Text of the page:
Wednesday, 6 January 2016

Anger and God's Word

Tonight in church we thought about anger. James’ readers were angry at something (Jas. 1:19-21). Perhaps they had been tempted to become angry with God at their circumstances or maybe they were expressing words of anger to one another, engaging in a form of blame for the problems that they faced. They could also have been angry with their opponents who were causing such trouble and making their lives so hard.
Sometimes we come across common behaviours that we sense are inappropriate. One of them is anger in expressing the word of God. Of course, there is righteous anger, but Christians can respond angrily and not be righteous.
Whatever the reason, James as a pastor had to deal with a situation in which anger was showing itself and therefore he wanted to warn his readers about the dangers they faced from it and to remind them of the God-given remedy. Their outlook of anger had arisen because they had not listened to what the Word of God had said to them about suffering for the faith.
James mentions two practical ways that revealed anger. The first was that some people refused to listen, which raises the question, ‘Who were they refusing to listen to?’ James could be referring to reading the word of God (the Old Testament, which would have been all that was available of the Scriptures at that time) or listening to an address based on the word of God. For the purpose of James’ argument, there is little difference between the two options. Their anger revealed that they had rejected truth, and because they had not listened, they now did not know what to say.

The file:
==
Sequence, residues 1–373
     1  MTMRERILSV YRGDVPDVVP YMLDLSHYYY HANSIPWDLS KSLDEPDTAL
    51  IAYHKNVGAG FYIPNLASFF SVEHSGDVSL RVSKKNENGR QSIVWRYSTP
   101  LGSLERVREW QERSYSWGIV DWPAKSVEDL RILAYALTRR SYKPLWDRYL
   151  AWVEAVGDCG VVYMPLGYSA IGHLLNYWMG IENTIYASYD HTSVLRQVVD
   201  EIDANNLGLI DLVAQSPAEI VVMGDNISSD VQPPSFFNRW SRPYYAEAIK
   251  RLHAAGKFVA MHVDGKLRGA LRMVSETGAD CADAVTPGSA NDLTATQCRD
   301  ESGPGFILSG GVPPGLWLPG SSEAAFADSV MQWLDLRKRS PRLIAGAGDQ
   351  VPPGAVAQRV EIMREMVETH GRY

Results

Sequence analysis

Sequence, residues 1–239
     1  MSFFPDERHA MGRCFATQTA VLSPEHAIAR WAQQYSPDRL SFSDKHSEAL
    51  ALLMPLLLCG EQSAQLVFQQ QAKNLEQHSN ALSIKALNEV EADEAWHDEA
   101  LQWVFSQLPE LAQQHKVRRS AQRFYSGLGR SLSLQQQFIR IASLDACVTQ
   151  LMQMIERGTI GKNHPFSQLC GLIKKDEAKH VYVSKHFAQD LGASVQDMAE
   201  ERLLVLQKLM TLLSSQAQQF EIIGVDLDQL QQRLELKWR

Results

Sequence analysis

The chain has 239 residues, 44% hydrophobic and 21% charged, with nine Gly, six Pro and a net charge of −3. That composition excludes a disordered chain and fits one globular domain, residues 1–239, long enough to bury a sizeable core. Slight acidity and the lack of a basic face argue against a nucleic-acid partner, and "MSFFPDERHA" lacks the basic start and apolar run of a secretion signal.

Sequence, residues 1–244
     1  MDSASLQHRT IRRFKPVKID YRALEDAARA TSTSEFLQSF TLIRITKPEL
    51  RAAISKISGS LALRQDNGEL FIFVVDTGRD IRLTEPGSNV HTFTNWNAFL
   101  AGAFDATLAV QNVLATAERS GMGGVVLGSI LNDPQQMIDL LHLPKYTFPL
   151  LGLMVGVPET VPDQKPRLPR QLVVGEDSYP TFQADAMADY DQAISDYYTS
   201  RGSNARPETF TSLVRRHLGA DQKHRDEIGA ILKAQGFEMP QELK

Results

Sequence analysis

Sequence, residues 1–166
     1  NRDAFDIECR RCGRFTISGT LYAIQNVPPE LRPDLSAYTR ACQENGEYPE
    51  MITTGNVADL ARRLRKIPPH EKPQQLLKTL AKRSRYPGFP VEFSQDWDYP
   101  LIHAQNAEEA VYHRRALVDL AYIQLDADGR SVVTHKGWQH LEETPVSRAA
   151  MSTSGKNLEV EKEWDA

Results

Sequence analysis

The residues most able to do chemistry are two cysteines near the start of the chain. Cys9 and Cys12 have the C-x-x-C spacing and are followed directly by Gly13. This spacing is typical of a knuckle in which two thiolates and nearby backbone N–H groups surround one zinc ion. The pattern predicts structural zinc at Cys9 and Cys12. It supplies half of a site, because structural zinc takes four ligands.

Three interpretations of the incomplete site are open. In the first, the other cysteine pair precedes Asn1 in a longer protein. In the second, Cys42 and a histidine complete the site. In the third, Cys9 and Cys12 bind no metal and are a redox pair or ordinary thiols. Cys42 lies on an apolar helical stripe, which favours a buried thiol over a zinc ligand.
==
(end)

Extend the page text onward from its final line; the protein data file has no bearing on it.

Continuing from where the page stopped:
The remedy for James is connected to the implanted word. When did this implanting take place in their lives? It happened at conversion. One way of looking at it is to consider the details of the new covenant that God makes with his people. In that covenant, part of the terms is that he will write his laws on their minds and hearts..
But how are we to receive the word of God? James tells us that there is only one way and that is meekly. A meek person is gentle and under control, and humble as well. Such an individual will behave submissively because the word implanted continues to deliver him from sin, including that of anger. Sanctification is evidence that our souls are being saved, and the presence of anger is a pointer to something having gone wrong in sanctification. An angry man is not being sanctified, even if he is hot-headed in behalf of the truth.

The word in our heart is the primary means of dealing with the indwelling sin of anger, along with prayer and refusal to engage in the sin. When James says that the word is able, he means that it can do it because it tells us to confess the sin of anger, to cast it away and to develop meekness instead.

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